I know a similar topic has been discussed before but it was the first proper windy day today in a while and thought it looked good for some training .(around 45mph) the trouble isn’t kayaking into the wind or incoming tide but the crashing waves and wind slop which can be like someone constantly chucking buckets of sea water into your face .After a few hours felt a bit sick this time with cramp .any ideas how to avoid drinking the salty stuff
Jackp,

In case you are still watching this thread there are a few things you can try to reduce salt water blast to the face.

A neoprene balaclava works if you can tolerate the extra heat retention. I punched a series of small holes in mine around the mouth area, helps with breathing.

There are several water sports googles on the market. I have chronic fogging problems, so not the best if you have a similar problem.

I have also used a whitewater helmet with a front visor. It helps some but I have to do this funny head twist and chin tuck down move.

Hope this helps

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Re: Into strong head wind

Post by jackp »

That’s interesting but overheating can be an issue aswell,but next time in similar conditions may try swim goggles
It probably wouldn’t be as bad if I took a longer boat out but they don’t feel as stable and roll about too much .the point 65 boat isn’t designed for rough seas but actually amazingly stable hull

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Re: Into strong head wind

Post by ChrisJK »

You'll not see me out voluntarily in a 45 mph wind but from a swim goggle perspective, smear a little shampoo or shower gel on the inside lenses and swill it off and you should have less fogging.

jackp
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Re: Into strong head wind

Post by jackp »

Also I wonder what the maximum head wind speed can be paddled directly into and what distance would be covered ? (Assuming tidal flow wasn’t a factor) if it was blowing 80mph it could be about 400metres before your arms fall off ?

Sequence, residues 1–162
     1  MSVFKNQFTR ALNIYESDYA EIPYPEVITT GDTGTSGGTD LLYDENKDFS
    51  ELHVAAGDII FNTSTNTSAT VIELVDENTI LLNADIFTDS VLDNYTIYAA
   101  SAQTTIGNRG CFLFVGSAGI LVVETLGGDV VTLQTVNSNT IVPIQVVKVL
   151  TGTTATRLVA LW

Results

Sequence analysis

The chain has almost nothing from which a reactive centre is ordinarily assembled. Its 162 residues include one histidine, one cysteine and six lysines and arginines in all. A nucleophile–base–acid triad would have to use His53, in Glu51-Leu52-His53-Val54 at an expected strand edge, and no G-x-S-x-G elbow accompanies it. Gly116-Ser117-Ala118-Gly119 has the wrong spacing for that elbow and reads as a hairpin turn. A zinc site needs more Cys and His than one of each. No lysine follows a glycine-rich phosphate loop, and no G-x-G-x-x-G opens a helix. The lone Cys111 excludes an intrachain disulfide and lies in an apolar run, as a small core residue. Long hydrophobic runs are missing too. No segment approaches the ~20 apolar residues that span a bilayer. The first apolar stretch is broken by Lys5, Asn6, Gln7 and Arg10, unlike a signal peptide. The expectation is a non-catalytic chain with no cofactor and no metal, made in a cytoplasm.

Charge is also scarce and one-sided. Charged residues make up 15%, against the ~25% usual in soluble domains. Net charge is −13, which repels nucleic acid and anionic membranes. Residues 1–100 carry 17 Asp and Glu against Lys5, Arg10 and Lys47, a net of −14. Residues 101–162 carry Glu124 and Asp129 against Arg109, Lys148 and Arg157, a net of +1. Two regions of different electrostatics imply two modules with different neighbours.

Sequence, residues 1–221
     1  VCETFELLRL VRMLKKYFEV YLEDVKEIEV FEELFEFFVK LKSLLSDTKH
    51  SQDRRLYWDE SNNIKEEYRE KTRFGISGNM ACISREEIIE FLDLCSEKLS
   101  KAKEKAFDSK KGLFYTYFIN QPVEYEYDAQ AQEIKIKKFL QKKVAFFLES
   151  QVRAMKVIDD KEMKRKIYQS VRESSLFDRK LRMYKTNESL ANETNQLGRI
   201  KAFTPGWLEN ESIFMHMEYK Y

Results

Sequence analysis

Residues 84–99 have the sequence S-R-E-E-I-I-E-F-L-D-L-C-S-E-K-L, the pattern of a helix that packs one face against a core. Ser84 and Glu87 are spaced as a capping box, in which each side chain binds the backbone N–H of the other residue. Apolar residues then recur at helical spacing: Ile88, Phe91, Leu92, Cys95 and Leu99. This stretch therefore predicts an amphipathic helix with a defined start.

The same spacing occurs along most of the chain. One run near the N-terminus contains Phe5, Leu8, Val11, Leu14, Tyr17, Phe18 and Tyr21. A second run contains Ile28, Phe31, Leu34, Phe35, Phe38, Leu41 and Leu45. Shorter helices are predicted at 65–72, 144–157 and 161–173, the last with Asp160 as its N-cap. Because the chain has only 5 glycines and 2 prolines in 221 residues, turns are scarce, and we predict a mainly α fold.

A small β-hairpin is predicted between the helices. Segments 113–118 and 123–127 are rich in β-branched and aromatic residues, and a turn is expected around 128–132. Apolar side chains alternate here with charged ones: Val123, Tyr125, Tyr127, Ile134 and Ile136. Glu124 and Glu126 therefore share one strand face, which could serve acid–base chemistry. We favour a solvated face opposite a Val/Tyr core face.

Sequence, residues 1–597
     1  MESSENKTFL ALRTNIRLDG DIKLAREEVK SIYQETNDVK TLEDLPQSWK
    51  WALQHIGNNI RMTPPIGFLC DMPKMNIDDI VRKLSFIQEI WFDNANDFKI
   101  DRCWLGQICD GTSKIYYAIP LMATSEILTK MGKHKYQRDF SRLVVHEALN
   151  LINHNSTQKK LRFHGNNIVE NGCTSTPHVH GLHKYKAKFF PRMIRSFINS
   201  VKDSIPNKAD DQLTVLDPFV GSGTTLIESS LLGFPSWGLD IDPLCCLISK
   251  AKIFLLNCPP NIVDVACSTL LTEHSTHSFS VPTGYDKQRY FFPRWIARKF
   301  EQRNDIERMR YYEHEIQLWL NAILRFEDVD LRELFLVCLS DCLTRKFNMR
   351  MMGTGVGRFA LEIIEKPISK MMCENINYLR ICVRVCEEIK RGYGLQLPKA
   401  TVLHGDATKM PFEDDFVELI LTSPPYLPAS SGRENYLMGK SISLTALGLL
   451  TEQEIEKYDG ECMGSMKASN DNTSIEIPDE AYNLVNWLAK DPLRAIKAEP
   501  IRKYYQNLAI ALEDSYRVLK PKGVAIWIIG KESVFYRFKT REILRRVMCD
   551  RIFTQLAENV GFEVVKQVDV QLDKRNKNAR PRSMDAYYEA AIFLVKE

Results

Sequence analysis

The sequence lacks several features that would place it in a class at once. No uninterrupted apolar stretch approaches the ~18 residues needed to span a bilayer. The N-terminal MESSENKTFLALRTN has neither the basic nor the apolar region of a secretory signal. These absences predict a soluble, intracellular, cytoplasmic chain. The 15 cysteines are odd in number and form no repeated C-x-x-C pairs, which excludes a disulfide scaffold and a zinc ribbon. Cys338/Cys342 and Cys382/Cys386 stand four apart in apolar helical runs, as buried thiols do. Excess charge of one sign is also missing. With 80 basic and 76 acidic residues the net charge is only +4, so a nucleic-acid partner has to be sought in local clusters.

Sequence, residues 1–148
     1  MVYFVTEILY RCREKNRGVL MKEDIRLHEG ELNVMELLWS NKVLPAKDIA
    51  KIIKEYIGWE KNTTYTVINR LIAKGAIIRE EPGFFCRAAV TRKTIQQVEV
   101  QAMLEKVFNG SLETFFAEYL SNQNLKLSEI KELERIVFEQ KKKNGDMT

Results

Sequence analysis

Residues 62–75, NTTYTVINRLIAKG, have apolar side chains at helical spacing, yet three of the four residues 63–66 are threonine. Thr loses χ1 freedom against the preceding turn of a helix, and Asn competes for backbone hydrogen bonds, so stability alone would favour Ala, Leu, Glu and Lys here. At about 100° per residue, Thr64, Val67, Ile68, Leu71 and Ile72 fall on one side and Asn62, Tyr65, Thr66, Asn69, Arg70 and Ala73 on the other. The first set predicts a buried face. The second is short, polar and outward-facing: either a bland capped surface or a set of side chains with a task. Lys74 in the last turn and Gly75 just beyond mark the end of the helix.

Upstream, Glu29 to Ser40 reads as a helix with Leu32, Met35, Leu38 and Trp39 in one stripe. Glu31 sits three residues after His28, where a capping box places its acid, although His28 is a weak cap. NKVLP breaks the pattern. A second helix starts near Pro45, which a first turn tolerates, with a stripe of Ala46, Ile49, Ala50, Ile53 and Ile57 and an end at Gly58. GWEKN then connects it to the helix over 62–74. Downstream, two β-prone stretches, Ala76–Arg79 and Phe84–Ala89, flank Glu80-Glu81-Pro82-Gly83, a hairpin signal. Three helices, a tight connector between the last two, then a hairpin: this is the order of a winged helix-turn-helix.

Maybe it’s all technique .
Last edited by jackp on Thu Jan 21, 2021 8:02 pm, edited 1 time in total.

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Re: Into strong head wind

Post by Jim »

Chris Bolton wrote:
Tue Jan 19, 2021 11:43 pm
Google suggests that the vast majority agree with Northern Blue, wind over tide = wind against tide. I've always used 'with' or 'against'.
Fair enough, I'm sure I was taught the options as over or against but it looks like it is time to drop over for consensus and clarity!

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Re: Into strong head wind

Post by Jim »

jackp wrote:
Thu Jan 21, 2021 7:39 pm
Also I wonder what the maximum head wind speed can be paddled directly into and what distance would be covered ? (Assuming tidal flow wasn’t a factor) if it was blowing 80mph it could be about 400metres before your arms fall off ?
Difficult to say because we all have different limits, but it is important to understand that the equation that describes the force imparted by wind (or any other fluid, like water) includes a function of speed squared, so stepping up from 40mph to 80mph means quadrupling the force of the wind against you. More of a problem than the wind force on my body, is the wind force on my paddle as already alluded to, I have lost grip with my left hand hit by a gust in Beaufort 8 conditions (that was what the shipping forecast said, we didn't measure it ourselves and had been sneaking along a weather shore but gusts were still hitting us), and often paddling down or cross wind I have the wind get behind the paddle and almost tip me in - not a problem directly into the wind, only when you turn and go accross or downwind, which you normally have to eventually...

I have paddled against bft 8 a couple of times and progress was very slow indeed, but bft 8 is not a very precise measure when you consider my earlier comment about quadratic effect of windspeed and the large range of windspeed covered by higher bft numbers - even the bft is correct (forecast or coastal station report) it covers too big a range...

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Re: Into strong head wind

Post by mcgruff »

I guess that's why the Greenland inuit developed a short storm paddle.
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Re: Into strong head wind

Post by Chris Bolton »

40mph is Beaufort 8. I've paddled once into what I thought was a F8. If you sat up straight you were blown backwards, it didn't matter how you paddled - you had to lean onto the front deck and inch slowly forward. Managed to reach a beach, drag the boats up and sit under in the shelter of a dune watching the boats, with 8 days kit in them, rocking on the sand as the wind hit them. My Dad sailed all his life and was in the Navy - he was hit by what he judged to be a F8 gust in his garden, it lifted him 0.5m off the ground and blew him 5m, he would have been about 90kg. I've also seen a F8 gust lift the surface off a mountain lake; from the puddle where it landed, I reckon it blew off about 3cm depth of water over the whole lake.

How are you judging the wind speed you're paddling into? Do you have an anemometer?

73mph is Beaufort 12, hurricane force. Takes roofs off houses, flattens caravans. At 80mph, if there's any identifiable water surface to put a boat on, I would expect it to be rolled over and over uncontrollably, there's no way you could paddle whatever technique you used.

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Re: Into strong head wind